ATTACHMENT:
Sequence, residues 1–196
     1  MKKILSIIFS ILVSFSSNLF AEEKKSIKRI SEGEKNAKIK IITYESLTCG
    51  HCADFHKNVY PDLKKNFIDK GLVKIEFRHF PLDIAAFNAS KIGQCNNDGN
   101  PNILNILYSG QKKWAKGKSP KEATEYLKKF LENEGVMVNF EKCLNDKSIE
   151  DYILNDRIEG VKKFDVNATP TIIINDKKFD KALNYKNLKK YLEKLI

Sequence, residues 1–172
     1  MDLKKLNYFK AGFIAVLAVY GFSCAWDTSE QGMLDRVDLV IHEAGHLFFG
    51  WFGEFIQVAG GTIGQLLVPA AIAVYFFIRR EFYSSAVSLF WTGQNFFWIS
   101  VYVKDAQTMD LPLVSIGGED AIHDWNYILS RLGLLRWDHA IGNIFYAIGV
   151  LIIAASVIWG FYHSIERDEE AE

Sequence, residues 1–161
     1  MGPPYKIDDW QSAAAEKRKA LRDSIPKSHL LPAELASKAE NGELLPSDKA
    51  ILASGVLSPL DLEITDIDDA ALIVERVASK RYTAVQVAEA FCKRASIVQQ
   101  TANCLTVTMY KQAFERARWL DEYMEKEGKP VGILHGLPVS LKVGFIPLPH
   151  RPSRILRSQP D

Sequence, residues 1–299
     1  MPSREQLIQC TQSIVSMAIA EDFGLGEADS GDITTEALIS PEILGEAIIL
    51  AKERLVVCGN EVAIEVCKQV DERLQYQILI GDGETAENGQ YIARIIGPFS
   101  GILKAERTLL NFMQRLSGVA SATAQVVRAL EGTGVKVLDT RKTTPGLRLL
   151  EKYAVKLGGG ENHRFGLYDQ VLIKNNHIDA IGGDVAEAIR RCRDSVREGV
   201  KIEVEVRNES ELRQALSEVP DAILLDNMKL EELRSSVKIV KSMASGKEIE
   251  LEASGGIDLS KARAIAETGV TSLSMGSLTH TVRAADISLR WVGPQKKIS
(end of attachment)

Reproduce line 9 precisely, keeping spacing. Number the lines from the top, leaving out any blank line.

   101  VYVKDAQTMD LPLVSIGGED AIHDWNYILS RLGLLRWDHA IGNIFYAIGV